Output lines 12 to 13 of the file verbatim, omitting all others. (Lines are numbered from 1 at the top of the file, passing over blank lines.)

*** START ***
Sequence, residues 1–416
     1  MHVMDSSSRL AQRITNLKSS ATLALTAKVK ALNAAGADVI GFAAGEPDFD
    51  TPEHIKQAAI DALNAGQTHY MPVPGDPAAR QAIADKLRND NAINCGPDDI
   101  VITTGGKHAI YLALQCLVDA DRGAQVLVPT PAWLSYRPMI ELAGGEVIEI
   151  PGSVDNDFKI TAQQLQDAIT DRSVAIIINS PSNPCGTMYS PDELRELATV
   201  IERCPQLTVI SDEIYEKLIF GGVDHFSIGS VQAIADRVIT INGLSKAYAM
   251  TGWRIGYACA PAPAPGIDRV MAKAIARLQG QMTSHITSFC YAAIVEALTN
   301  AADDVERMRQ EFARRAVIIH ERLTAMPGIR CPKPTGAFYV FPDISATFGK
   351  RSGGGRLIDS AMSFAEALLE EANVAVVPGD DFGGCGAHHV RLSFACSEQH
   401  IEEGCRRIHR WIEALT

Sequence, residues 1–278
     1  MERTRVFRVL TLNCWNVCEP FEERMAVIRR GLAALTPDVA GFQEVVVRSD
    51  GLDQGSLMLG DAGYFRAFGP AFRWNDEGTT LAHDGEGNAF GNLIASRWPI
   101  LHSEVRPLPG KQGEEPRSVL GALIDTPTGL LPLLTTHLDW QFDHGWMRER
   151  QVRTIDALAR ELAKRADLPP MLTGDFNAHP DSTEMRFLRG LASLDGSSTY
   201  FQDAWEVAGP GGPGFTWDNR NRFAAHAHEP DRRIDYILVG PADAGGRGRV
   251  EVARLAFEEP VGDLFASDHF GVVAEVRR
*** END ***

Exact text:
     1  MERTRVFRVL TLNCWNVCEP FEERMAVIRR GLAALTPDVA GFQEVVVRSD
    51  GLDQGSLMLG DAGYFRAFGP AFRWNDEGTT LAHDGEGNAF GNLIASRWPI